</person> number 234
owner
Account 50935
Person
name

John owner
Smith number
234
Account
67493
Encoding Arrays
An array in the SOAP object model is encoded in XML using a compound
element with two attributes:

1) itemType - specifies the data type of the array elements


2) arraySize - specifies how many elements are in the array

For example:

<myAccounts
soapenc:itemType=“xsd:integer”
sopaenc:arraySize=“3”>
<item>23450935</item>
<item>23467493</item>
<item>23426741</item>
</myAccounts>
Encoding Multidimensional Arrays
Multidimensional arrays are supported by listing each dimension in the
arraySize attribute separated by spaces.

The values are serialized as a single list of items in row-major order:

<myArray
soapenc:itemType=“xsd:string”
sopaenc:arraySize=“2 3”>
<item>blue</item>
blue yellow white
<item>yellow</item>
<item>white</item> red pink green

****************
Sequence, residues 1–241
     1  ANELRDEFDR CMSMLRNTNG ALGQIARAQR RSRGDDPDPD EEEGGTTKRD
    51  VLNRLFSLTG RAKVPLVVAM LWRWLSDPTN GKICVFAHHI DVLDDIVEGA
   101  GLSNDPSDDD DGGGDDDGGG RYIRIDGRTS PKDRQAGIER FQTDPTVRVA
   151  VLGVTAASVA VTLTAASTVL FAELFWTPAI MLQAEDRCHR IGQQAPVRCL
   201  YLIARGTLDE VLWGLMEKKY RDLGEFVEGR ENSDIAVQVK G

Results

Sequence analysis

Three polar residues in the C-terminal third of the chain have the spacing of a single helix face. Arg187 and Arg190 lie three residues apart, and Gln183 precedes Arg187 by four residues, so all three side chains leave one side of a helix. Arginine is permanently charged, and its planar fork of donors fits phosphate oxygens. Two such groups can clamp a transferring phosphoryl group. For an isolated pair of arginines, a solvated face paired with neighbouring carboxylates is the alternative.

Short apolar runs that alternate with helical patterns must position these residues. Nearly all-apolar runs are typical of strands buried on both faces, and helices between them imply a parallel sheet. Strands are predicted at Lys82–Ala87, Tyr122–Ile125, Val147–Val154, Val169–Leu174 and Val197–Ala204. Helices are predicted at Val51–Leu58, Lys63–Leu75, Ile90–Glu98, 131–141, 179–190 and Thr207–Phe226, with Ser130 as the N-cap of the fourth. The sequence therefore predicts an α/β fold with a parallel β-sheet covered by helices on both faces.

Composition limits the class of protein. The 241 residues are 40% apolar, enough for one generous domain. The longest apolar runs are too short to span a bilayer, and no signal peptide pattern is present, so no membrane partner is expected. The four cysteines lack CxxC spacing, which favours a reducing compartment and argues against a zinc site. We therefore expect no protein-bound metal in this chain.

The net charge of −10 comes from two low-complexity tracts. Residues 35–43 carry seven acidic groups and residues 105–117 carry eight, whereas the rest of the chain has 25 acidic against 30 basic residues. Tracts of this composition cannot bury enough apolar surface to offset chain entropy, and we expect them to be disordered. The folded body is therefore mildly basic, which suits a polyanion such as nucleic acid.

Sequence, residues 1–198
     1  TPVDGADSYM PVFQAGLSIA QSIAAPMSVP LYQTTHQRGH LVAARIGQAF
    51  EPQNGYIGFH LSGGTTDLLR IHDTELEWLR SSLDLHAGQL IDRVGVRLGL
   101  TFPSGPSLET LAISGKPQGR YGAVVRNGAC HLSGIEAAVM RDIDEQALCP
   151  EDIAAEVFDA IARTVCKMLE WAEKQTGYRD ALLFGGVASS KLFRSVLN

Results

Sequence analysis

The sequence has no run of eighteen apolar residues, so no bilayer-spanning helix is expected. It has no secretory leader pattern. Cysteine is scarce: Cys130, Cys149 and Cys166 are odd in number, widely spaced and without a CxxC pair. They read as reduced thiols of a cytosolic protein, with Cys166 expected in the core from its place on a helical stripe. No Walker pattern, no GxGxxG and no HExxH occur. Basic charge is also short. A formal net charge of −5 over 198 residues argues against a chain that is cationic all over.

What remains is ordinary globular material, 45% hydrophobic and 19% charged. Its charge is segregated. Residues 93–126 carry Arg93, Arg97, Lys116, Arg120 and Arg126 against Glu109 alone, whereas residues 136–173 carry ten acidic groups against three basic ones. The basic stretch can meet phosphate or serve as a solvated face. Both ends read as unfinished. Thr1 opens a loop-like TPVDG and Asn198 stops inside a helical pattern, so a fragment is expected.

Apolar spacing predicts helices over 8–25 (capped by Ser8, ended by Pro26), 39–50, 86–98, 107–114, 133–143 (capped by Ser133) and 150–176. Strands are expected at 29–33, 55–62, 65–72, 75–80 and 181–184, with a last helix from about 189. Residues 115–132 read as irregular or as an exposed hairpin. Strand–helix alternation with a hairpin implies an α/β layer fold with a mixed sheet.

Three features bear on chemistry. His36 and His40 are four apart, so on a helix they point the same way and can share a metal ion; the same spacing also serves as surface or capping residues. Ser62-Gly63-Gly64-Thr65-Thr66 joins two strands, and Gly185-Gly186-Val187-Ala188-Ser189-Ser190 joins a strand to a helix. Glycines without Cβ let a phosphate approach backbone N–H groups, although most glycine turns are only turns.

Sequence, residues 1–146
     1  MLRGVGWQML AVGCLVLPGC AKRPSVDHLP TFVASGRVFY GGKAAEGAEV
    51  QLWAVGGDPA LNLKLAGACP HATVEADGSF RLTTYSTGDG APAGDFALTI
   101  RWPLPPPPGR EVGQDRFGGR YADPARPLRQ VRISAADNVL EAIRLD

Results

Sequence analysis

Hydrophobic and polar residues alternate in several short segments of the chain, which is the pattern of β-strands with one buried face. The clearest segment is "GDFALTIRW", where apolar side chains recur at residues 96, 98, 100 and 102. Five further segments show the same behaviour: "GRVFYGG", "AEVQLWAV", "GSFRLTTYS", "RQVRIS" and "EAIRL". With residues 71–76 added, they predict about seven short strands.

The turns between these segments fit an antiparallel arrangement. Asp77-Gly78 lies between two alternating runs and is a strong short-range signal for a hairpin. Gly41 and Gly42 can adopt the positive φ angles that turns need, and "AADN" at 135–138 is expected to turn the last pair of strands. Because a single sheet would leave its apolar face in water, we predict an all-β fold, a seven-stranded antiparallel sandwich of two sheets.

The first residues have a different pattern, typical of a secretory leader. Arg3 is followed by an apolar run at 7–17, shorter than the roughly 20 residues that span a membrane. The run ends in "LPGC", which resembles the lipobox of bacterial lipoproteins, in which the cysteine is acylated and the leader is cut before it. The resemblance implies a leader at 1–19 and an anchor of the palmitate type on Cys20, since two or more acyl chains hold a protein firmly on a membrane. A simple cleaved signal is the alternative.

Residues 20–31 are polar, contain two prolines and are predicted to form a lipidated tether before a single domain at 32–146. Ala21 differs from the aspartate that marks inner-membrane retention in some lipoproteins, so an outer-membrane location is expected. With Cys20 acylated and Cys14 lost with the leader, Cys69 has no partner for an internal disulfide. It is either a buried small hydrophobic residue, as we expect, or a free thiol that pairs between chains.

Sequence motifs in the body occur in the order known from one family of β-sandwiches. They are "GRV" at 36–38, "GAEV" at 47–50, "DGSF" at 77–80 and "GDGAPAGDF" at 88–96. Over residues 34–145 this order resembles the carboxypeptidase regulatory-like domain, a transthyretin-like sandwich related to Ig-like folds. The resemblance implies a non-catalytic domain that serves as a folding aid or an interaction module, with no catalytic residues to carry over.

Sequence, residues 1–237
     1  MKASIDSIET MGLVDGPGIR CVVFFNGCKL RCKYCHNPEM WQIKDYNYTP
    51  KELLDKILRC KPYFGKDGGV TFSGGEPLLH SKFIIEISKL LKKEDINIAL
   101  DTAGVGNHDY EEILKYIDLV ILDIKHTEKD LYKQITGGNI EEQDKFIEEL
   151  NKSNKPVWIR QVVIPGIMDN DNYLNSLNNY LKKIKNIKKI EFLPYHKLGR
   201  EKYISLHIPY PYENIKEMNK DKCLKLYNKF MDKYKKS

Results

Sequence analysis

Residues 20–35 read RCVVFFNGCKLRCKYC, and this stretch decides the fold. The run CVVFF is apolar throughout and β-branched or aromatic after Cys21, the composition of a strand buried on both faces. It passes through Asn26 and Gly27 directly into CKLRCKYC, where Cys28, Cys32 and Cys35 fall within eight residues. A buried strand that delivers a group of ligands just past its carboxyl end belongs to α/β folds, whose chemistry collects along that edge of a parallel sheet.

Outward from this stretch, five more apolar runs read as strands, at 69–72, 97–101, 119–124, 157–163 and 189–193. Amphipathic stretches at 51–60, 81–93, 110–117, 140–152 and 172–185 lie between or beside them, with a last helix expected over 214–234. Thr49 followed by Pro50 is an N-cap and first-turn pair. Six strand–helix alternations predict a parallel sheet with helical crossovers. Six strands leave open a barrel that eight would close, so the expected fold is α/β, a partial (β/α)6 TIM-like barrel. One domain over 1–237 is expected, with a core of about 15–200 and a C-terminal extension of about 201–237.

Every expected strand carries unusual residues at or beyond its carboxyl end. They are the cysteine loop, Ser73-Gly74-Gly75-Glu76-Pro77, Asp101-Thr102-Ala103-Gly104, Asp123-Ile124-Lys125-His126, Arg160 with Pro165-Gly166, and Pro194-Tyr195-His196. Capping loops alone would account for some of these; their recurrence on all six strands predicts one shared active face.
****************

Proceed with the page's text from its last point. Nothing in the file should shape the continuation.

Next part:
<item>red</item>
<item>pink</item>
<item>green</item>
</myArray>
Task 33: Encoding 1
Objective:

Send a request to receive the creation date, contents, size and name of a
given file. Accept an object of the FileAttribute class in response.

Serialize and encode the FileAttribute object before sending.

> cd SOAP\Encoding

> dir
deployFileDownloadEncodedService.wsdd
deployService.bat
FileAttribute.class
FileDownloadEncoded.class
FileTransferRequestEncoding.class
FileTransferResponseEncoding.class
responseFormatted.txt
Task 34: Encoding 2
Deploy the web service:

> copy FileAttribute.class


Tomcat 4.1\webapps\axis\WEB-INF\classes

> copy FileDownloadEncoded.class


Tomcat 4.1\webapps\axis\WEB-INF\classes

Double-click deployService.bat

Test the web service: browse http://localhost:8080/axis and View.


Task 35: Encoding 3
Run the request and send the output to a log file (request.txt):
> java –cp \demos\SOAP\Encoding
FileTransferRequestEncoding
\WebServices\MacaoNews.txt > request.txt
> notepad request.txt

Run the response and send the output to a log file (response.txt):
> java –cp \demos\SOAP\Encoding
FileTransferResponseEncoding
\WebServices\MacaoNews.txt > response.txt
> notepad response.txt

Analize the response:

> notepad responseFormatted.txt


Encoding a Request
A SOAP request message is modeled as a structure with an accessor
element for each input and output parameter: